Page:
TORONTO — One of the recipients of what's believed to be North America's first paired living liver donation is calling the stranger who saved his life "an angel."
Fifty-four-year-old Muhammad Khan of Mississauga, Ont., is sharing his gratitude nearly one year after 38-year-old Kelly Bryan of Peterborough, Ont., gave him more than half of her liver.
In turn, Khan's wife, Hina, donated more than half of her liver to another stranger.
The feat was revealed at Toronto General Hospital where patients and doctors touted the potential that the carefully orchestrated "swap" has to save lives.
"Kelly was an angel to me," Khan said Tuesday as details of the four simultaneous surgeries were made public for the first time.
"It is the biggest gift to me that I could have ever received, someone saving my life that I never knew of."
Officials with the University Health Network Transplant Program say the multiple procedures took place July 9, 2018 and took 12 hours, four operating rooms and 28 staff and surgeons. About 100 staff and doctors looked after the pairs before, during and after the surgeries. They add that all four patients are now doing well.
Khan was diagnosed with non-alcoholic liver cirrhosis in 2017, and he suspects he would not have survived if Bryan had not come forward. Her blood type is the rare universal 0-negative, allowing her to donate blood to anyone.
Hina was not a match for her husband, so she was paired by the medical team with another, compatible recipient. That person chose to remain private.
The procedures required incredible resources, with many weeks of planning that UHN transplant surgeon Dr. David Grant likened to "training for a marathon."
"Very few institutions have the capacity to staff four operating rooms to do a surgery like this," notes Grant, who served as Bryan's surgeon during the procedure. "And of course there still aren't that many people that step forward to be an anonymous donor."
Bryan experienced complications — transient intestinal blockage required her to stay in hospital longer than expected. But she returned to work as a paramedic three months after her operation and says she has no regrets.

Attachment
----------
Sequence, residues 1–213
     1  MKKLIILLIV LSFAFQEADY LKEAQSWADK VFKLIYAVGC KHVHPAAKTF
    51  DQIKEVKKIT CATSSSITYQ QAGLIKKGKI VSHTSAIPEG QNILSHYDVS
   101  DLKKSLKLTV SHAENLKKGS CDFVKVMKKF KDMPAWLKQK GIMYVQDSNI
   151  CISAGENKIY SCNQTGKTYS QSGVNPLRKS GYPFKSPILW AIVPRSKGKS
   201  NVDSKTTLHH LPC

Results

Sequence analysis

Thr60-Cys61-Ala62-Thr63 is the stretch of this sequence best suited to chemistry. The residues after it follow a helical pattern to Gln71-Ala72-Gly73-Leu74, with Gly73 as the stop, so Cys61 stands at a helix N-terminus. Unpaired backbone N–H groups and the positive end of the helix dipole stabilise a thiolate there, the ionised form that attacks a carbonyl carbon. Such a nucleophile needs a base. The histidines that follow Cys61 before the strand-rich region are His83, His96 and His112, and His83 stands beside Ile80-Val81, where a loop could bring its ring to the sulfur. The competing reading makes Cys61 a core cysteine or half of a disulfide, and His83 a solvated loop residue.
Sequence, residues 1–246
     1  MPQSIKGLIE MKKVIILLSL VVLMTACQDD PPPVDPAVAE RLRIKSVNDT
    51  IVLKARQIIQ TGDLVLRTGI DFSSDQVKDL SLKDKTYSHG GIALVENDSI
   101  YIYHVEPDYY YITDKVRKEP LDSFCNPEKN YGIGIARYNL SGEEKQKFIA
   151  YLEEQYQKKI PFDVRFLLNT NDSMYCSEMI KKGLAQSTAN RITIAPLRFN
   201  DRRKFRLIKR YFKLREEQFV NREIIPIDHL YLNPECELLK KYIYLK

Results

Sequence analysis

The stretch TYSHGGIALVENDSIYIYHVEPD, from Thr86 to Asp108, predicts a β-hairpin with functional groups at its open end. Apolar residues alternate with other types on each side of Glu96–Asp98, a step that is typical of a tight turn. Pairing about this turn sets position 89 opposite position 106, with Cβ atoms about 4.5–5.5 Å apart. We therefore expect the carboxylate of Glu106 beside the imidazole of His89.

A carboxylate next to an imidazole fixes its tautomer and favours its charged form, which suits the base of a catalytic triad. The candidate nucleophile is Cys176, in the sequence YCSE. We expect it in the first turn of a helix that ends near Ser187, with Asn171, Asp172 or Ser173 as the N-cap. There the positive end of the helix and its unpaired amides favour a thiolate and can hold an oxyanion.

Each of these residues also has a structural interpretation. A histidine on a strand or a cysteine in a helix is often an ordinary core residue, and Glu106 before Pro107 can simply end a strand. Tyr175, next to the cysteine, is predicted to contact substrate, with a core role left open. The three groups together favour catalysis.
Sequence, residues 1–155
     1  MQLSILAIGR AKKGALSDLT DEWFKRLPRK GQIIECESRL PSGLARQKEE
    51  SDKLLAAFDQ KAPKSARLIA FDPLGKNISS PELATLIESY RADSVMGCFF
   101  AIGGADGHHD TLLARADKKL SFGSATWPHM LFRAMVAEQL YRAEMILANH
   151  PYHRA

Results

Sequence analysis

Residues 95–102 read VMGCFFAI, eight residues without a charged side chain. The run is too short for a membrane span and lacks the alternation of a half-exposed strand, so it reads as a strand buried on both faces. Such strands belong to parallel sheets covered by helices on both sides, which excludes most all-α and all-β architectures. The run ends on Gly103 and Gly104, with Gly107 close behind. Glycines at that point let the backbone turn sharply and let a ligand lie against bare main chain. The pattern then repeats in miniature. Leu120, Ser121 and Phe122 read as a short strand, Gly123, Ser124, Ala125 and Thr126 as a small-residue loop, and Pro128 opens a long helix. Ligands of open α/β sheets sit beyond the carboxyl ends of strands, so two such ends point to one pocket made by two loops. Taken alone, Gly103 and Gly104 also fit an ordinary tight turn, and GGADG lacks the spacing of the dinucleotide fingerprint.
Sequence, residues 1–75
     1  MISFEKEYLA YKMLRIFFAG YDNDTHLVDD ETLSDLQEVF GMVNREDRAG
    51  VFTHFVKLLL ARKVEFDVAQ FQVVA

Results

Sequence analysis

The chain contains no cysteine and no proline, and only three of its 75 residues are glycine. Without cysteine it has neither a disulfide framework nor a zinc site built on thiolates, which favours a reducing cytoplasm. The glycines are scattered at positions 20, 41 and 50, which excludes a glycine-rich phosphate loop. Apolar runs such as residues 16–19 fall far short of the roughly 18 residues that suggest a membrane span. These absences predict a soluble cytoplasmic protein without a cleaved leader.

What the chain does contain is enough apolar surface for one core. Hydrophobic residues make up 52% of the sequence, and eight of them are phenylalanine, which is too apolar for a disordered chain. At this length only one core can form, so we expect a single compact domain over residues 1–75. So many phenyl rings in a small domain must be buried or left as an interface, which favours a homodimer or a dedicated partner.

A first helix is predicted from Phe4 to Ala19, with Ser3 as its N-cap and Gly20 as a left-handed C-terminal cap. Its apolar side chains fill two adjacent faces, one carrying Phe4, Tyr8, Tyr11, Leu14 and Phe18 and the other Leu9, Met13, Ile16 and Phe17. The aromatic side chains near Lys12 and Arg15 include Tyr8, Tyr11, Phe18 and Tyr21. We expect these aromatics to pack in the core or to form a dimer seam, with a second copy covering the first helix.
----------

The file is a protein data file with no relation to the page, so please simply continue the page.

The liver returns to about 75 per cent of its size within six weeks after surgery, says Grant, and continues growing slowly until it reaches its full volume in about a year.
"The risks and the recovery are hardly even a sacrifice when it comes to saving someone's life," says Bryan, who donated 70 per cent of her liver.
"And I think it's important that people know that living donation is a possibility; it's not just deceased organs that people receive and the need for it is so great."
An anonymous living donor — someone who chooses to donate to a recipient they don't know — can help two dying patients, by effectively creating two new compatible pairs, says Grant. It also allows those remaining on the deceased donors' list to move up two places.
He notes that 50 to 100 people a year die while waiting for a liver transplant in Ontario. Almost 300 people are on the waiting list for a liver in the province.
But determining who should receive Bryan's gift required serious ethical considerations.
Khan suspects he never would have received a liver if his wife had not been paired with a very ill person who also needed a transplant.
"It's a very long list," says Khan, a family physician who teaches medicine at the University of Toronto.
"I was sick, but not that sick at the same time. But my liver was going into a state of failure and I could notice that I was getting very weak, I was not able to eat properly."
For Grant, the challenge was to "balance organs going to the sickest versus organs going to the greatest benefit."
"In this case, because it meant taking two people off the deceased donor waiting list, our ethicist advised us that this was a reasonable choice," he says, noting "Hina's recipient was very sick."
And although Khan received Bryan's liver in part because of his wife's willingness to help another person, Grant says that doesn't mean Khan wasn't a legitimate recipient.
"Everyone on our waiting list is at risk of death, that's why they're on our waiting list," he says. "It's just a question of how sick you are relative to the other unwell people on the waiting list."
A huge factor in the struggle for liver donations remains the fact that there are not enough deceased donors, he adds.
"In an ideal world we wouldn't have to operate on Kelly," says Grant, who is eyeing Nova Scotia's recent adoption of a law that presumes consent for organ donation.
"If we had more deceased donors then we would never operate on a healthy person and put their life at risk to help others."
The transplant program says paired liver exchanges have been performed in South Korea and Hong Kong, but there are no published reports of them being done in Europe or North America.
Similar paired exchanges involving kidneys have been performed for 15 years, but liver exchanges are far more rare, and riskier.
"That's why Kelly is such a hero," says Grant.
"We all hear of things that are needed, that we need to do and often think in our minds, 'oh yeah, I'd like to do that or help in that way.' It really takes an extraordinary person to step forward and say, 'I'm not just going to think about it, I'm going to act on this and do something about it.'"